Pharma

New Additions to the African Green Rush

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In the last few years, the trend in Africa has been to legalize cannabis for medical purposes and open international cannabis export industries. The most recent countries to join the African green rush are Uganda, Rwanda, Ghana, and hopefully Morocco.

Are you a THC aficionado? If you are, then you probably already know it’s not just about delta-9 THC anymore. With the inclusion of the newest form of THC, delta-8 THC, cannabis users can choose the level of psychoactive response they are happiest with, and even reduce associated anxiety. We’ve got great Delta-8 THC deals, so if you’re a real THC fan, you’ll definitely want to try it out.

Lesotho and the start of the African green rush

The African green rush started with Lesotho in 2017, when the government legalized the cultivation and production of medical cannabis for exportation, the first in Africa to do so. The first companies to jump on the opportunity were Canadian, with several licenses given out to Canadian companies by 2018.

Lesotho is a poor African country which is enclaved in South Africa. About 80% subsist on farming, however, draughts and mountainous areas have made it hard to grow many crops. Cannabis is not one of them, which makes it preferable for farming. The country also generates revenue off of livestock, diamond mining, and water. As of 2017, approximately 57% were living under the poverty line, with half the population unemployed. HIV is a huge problem in the small country, with somewhere in the neighborhood of 23% being infected.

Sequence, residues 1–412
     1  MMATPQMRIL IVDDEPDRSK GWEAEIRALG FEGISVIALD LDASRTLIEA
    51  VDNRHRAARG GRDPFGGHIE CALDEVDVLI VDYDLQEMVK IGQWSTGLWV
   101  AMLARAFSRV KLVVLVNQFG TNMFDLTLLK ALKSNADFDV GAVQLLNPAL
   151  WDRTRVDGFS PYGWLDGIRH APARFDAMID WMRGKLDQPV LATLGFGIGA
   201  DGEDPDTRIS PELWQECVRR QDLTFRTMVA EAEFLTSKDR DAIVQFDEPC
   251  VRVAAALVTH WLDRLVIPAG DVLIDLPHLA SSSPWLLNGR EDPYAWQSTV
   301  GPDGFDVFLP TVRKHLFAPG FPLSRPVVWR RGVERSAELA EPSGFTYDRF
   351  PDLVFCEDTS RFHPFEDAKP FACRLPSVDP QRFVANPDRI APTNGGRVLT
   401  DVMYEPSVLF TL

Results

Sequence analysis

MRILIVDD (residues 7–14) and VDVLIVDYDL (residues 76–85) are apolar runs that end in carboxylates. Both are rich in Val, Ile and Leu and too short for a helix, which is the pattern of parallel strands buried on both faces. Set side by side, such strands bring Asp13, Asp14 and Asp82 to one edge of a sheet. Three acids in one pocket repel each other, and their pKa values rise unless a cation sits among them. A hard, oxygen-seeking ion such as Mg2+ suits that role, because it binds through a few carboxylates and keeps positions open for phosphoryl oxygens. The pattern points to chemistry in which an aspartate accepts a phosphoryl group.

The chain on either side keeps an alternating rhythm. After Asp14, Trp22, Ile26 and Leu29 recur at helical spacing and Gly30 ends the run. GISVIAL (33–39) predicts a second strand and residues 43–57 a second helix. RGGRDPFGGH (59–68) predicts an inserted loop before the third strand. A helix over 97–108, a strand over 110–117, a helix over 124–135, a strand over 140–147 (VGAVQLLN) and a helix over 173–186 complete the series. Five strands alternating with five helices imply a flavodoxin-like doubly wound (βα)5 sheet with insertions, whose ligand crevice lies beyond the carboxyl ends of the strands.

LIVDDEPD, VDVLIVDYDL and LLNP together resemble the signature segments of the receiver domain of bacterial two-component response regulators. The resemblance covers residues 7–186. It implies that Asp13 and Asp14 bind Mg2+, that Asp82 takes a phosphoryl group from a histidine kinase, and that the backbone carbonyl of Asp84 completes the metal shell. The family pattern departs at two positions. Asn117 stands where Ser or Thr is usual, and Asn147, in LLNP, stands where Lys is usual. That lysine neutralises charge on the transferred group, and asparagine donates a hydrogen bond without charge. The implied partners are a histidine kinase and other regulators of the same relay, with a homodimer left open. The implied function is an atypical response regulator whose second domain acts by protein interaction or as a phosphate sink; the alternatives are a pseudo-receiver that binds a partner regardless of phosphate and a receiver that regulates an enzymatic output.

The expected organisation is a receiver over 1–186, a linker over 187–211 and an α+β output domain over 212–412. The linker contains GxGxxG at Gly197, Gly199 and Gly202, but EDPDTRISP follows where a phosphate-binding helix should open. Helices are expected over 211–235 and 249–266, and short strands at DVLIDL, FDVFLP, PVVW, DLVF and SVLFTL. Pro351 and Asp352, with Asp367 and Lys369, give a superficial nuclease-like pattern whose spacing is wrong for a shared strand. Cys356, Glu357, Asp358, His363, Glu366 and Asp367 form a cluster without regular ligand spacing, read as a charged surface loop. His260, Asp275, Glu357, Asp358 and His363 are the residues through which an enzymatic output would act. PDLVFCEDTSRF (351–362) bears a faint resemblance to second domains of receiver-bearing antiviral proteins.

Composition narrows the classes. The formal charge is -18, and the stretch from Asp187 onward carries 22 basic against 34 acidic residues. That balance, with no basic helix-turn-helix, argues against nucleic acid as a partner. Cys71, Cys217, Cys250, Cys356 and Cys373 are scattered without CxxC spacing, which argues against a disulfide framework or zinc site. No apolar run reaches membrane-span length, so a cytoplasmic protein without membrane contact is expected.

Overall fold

In the very beginning, Lesotho gave out licenses for free which enabled local farmers to obtain them. It didn’t take long for the price of licensing to go up to $37,000, essentially ruling out local participation. Fast-forward to August 2020 and it’s not the smooth operation that had been hoped for. There has been questioning into how the licenses have been distributed, with Lesotho’s king Letsie III warning the Ministry of Health about the industry being threatened by corruption. One license holder even gave up on the industry after not being able to secure investors because of Lesotho’s poor regulation.

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Beth Edmonds